How I Teach Upside Down Children Language Arts


I walked into the vets office the other week to pickup our cat and dog after a week in Hilton Head at the Disney Resort.  The young girl at the desk said “oh you are here to pick up the wild children.”  I was like “What?”  The dog yes, but my sweet cat?  She laughed and said your sweet cat tried to attack ever dog that walked by.  We laughed.  I said “God has not given me any easy children or animals.”

Our kids are not easy.   They are not quiet.  They don’t sit still.  Things come out of their mouths that I am just in awe of where on earth this stuff comes from.  Isaiah was talking at 2, compete sentences.  Where Robby, my 12-year-old, was struggling at 4.  AnnieQ can carry on a compete conversation like an adult, but with in 5 minutes talk like a 2-year-old.

When it comes to writing it is a totally different world. There is a huge struggle we are facing. Robby is finally enjoying writing, but only on his terms.  AnnieQ is a worksheet child.  Isaiah is not.

And something else about our house (besides the two babies) it is never quiet.  I think I mentioned that.  My kids are up and down.  I can keep them focused for a while and then off they go.  It is a struggle some days to get school work down.

So with that said I have learned more about my children and more about sensory processing disorder.  I am no way an expert, heck I am still trying to understand this myself.  But I have changed our learning ways to adapt to this.  And here some things we have done.


  • He needs to be on the go, so his lessons are about 10-15 minutes long at the most.
  • He still will trace his letters, it works better for him.
  • We use a salt box with letters.
  • We draw with chalk out side on the drive way for words.
  • He has started drawing boxes around his letters in his spelling words.  I guess that helps him.
  • We use RazKids to help with reading
  • We also use iBook and Kindles to help with reading.  I like iBooks because it will read to him and the words highlight like in RazKids.
  • I have made sensory boxes for him to use.  Having him get his hands strong is good for writing.  Check out my Sensory play board on Pinterest.
  • We use play dough to make letters.
  • We use various apps to work on sounds of letters.


  • We use some of the above ideas with her.
  • BUT she is a worksheet girl.  So on top of her other two books we were using from  Queen Homeschool Supplies, I added in the LifePac’s for 2nd grade Language Art’s from Alpha Omega.    We just started last week, and so far it is working.
  • The one thing about AnnieQ is that she hates to hear any noise when working. Did I mention our house is always noisy!  So I am thinking about trying to have her listen to music while working, Classical music.  Because if it had words she would be singing.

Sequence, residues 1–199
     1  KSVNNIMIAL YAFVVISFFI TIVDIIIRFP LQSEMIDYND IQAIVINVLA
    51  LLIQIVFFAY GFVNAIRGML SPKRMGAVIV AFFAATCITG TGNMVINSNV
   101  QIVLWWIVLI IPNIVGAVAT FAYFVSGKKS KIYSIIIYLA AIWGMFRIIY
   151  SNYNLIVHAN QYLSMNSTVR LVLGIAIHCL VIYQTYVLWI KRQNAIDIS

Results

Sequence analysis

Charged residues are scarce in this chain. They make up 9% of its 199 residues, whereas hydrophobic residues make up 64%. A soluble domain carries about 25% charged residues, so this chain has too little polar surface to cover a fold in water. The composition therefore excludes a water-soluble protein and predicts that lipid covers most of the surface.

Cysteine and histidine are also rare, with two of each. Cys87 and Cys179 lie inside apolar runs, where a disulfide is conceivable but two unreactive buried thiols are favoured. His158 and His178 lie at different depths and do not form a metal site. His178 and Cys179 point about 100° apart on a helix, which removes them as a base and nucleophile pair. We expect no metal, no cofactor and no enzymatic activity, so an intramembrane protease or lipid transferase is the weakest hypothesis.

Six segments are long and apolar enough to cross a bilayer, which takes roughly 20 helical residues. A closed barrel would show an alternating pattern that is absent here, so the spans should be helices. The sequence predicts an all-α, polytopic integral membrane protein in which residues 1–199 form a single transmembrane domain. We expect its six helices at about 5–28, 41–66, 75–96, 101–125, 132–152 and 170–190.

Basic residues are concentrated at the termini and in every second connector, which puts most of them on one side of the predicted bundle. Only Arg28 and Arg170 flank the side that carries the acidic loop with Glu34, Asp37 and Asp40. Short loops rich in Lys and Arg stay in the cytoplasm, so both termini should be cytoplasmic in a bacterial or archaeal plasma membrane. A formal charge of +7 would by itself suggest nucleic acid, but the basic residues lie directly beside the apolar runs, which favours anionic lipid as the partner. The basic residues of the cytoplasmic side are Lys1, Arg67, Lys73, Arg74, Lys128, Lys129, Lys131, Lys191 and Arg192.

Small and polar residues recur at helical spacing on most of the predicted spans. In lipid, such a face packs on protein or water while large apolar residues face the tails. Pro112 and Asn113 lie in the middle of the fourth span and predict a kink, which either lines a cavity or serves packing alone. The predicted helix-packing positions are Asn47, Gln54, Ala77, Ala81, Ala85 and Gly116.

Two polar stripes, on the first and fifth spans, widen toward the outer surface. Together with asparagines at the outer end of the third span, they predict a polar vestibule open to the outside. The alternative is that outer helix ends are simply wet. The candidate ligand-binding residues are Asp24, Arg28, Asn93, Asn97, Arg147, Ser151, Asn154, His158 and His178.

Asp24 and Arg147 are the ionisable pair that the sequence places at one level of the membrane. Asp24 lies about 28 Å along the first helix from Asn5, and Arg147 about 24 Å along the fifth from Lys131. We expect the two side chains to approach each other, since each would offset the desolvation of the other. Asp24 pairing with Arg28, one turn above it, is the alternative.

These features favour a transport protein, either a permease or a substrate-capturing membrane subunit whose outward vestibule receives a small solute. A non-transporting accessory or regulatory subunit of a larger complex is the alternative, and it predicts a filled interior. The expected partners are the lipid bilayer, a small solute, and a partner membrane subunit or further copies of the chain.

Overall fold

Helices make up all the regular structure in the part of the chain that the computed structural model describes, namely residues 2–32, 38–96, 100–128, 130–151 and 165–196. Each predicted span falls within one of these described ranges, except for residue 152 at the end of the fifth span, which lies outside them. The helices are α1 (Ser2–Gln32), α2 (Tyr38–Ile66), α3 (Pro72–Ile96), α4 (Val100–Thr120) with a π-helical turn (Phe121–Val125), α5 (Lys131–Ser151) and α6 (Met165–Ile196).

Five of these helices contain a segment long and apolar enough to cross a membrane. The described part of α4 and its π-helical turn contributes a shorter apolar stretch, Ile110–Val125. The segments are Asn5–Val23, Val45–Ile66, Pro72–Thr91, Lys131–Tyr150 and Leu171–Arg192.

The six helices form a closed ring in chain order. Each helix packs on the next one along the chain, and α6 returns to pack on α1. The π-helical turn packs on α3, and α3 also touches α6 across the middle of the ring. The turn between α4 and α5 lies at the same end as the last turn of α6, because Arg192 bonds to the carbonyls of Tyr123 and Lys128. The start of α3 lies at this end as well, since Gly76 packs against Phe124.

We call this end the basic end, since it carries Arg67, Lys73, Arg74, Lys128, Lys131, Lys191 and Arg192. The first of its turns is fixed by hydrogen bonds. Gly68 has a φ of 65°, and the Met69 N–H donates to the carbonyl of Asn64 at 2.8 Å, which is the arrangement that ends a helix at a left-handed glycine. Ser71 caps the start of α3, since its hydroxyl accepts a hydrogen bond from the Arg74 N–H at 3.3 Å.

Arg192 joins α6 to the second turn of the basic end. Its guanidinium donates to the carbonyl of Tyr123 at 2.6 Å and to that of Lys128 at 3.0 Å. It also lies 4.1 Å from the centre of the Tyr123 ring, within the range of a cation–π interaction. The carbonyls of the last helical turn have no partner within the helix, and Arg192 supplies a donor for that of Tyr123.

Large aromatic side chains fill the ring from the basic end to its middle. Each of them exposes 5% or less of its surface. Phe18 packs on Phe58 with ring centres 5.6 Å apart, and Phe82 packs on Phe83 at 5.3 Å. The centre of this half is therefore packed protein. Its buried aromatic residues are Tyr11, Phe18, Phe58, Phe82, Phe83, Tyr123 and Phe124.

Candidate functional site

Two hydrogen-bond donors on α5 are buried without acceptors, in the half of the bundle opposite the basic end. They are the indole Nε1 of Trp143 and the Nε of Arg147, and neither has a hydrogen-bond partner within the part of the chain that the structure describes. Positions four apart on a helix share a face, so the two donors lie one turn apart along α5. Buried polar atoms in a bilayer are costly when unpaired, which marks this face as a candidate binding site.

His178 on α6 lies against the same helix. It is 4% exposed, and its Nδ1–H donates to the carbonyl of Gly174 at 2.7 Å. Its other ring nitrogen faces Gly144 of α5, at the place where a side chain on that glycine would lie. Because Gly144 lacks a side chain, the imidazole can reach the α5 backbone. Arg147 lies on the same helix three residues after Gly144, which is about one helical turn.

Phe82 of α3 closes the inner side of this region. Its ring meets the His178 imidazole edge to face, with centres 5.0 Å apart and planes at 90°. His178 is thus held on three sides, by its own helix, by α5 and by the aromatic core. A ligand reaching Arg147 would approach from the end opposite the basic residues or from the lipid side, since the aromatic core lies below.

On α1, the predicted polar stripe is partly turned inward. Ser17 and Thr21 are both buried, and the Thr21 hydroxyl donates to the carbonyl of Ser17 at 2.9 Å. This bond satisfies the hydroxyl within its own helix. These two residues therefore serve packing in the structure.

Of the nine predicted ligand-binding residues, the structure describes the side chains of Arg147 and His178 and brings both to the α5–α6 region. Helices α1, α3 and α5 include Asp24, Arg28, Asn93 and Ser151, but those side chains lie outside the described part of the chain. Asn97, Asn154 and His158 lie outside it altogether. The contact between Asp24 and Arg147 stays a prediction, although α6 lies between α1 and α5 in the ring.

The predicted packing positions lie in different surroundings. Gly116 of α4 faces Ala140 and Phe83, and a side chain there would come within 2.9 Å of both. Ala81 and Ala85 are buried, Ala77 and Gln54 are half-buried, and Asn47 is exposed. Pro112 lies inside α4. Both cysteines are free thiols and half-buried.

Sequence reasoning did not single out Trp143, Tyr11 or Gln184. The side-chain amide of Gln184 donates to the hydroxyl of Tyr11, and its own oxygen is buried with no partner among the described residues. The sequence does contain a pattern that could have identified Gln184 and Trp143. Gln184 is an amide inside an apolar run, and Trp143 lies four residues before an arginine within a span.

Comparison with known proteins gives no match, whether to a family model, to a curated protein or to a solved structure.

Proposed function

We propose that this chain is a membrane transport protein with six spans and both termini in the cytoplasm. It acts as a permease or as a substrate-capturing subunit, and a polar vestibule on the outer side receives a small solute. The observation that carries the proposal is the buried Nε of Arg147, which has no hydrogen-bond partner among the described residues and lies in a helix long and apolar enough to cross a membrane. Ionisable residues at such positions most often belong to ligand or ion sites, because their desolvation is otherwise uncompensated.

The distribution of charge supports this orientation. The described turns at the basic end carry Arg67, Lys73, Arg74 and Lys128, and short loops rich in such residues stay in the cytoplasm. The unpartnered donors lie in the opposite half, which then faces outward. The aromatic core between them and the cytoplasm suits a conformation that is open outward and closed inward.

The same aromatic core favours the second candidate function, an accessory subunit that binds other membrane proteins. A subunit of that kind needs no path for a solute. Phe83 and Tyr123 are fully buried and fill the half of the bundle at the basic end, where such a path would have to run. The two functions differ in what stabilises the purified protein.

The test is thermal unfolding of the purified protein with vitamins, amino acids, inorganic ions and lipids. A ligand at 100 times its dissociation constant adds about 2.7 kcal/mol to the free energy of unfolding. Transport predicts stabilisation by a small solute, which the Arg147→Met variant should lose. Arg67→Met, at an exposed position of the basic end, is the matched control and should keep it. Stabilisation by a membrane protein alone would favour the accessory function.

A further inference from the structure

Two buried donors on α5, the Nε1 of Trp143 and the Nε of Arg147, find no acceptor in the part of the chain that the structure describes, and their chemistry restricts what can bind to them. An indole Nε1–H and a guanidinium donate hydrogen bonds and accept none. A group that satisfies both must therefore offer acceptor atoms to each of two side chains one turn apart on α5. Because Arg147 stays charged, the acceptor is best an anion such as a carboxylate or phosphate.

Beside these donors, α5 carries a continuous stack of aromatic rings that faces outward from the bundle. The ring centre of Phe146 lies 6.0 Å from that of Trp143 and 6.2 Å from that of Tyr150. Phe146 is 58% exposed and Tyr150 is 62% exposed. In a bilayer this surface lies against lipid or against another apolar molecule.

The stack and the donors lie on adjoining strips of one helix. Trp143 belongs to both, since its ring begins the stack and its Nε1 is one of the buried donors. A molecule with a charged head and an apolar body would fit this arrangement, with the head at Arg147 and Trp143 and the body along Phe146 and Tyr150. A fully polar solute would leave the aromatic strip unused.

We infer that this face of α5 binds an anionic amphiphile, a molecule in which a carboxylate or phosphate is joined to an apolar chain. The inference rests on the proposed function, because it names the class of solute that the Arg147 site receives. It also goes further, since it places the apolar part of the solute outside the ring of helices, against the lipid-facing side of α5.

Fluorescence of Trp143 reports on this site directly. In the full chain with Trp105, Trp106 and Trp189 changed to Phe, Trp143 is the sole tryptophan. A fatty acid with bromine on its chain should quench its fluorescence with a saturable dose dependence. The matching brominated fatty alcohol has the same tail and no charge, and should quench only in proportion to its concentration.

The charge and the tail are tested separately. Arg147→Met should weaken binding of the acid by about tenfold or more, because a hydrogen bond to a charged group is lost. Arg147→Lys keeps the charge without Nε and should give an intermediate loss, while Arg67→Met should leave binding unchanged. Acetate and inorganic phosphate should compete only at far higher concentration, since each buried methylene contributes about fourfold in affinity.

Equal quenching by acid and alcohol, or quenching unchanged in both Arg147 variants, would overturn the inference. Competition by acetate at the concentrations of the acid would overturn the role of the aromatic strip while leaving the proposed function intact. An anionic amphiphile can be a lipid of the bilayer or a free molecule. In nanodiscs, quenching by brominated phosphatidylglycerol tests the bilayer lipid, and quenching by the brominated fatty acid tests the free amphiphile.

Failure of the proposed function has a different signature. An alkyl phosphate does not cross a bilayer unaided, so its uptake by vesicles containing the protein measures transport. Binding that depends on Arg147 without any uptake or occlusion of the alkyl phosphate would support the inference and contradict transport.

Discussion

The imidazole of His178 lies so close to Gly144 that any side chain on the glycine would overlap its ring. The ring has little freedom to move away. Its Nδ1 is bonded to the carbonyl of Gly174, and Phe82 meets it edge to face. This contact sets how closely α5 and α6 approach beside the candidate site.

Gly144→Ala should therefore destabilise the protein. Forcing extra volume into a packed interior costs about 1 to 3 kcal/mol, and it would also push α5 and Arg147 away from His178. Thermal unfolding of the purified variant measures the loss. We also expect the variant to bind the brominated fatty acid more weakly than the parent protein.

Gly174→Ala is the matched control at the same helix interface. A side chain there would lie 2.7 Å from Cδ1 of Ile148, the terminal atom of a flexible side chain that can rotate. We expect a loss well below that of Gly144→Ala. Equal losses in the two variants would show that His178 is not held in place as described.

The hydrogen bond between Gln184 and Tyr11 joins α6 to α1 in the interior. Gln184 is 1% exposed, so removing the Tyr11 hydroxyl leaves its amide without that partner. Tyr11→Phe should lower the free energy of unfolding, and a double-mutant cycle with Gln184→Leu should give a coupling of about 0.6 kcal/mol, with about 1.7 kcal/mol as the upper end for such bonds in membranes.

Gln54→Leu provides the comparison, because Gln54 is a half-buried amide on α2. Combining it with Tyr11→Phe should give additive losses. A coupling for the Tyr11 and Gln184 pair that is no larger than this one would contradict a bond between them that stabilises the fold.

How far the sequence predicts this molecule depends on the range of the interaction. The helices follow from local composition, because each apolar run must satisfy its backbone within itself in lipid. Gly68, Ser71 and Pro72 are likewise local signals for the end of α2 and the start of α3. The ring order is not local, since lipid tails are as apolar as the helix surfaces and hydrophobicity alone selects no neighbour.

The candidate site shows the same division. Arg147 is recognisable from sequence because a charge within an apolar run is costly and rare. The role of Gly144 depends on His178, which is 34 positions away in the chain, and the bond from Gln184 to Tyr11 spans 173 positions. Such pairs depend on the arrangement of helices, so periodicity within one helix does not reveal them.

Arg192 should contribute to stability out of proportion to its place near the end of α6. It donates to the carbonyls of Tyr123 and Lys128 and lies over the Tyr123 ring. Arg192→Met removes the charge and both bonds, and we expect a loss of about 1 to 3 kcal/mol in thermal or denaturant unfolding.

• Also, AnnieQ needs things to occupy her mouth.  Normally her fingers are in it.  So finding something for her to chew on while doing school work is important.


  • Is also using the Language Arts from Queen Homeschool.
  • He is also using Jump In from Apologia.  It is a writing curriculum.  He hates to write unless it is his idea.
  • BUT I let him write as much as he wants.  I read it and will leave sticky notes with corrections on it.
  • OR if it is on social media I inbox him with the correction.
  • Robby didn’t read till 3rd grade.  Didn’t really want to write till 4th grade.  But is going full speed ahead and I have no worries about him
  • We did many of the things we are doing with the younger kids now.
  • Robby use to read to me all the time upside down on the couch.  Really-I figured if it worked, it works.

I am still learning how to best teach my two younger children.  They have challenged me in their behavior, and learning styles.  Robby was hard, but a fairly calm child.  The key with homeschool is you can adapt as needed and change as your child is changing.

My ideas for the future I would like to try:

  • learning more about using technology to help them, in a healthy dose.
  • get them jumping.  I would love a trampoline in our back yard.  But my husband is leery of them .  There are a few safer ones out there-but they are expensive.
  • balancing act.  I would like to create a balance beam for them to walk on.  As they work on balancing they can recite poems or songs.  AnnieQ does this standing on one foot-don’t ask me, it works.
  • eliminating things.  I feel they need a blank slate to learn-which means that all that stuff I think they need for “school” they don’t.  So I need to get rid of some stuff.
  • create a reading corner with a heavy blanket.  All three of my kids love to be covered up.  I don’t understand it-but they do.


Check out these other homeschooling families and how they teach Language Arts.

Hopscotch with us January 13-17 as we share a round of posts detailing how exactly we teach within our specific niches.

Day 1: how I teach language arts
Day 2: how I teach math
Day 3: how I teach science
Day 4: how I teach history
Day 5: how I teach fine arts


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  1. It’s always interesting to see how everyone else teaches subjects, isn’t it? This is a great post. I love how shared the personalities and struggles of your kids.


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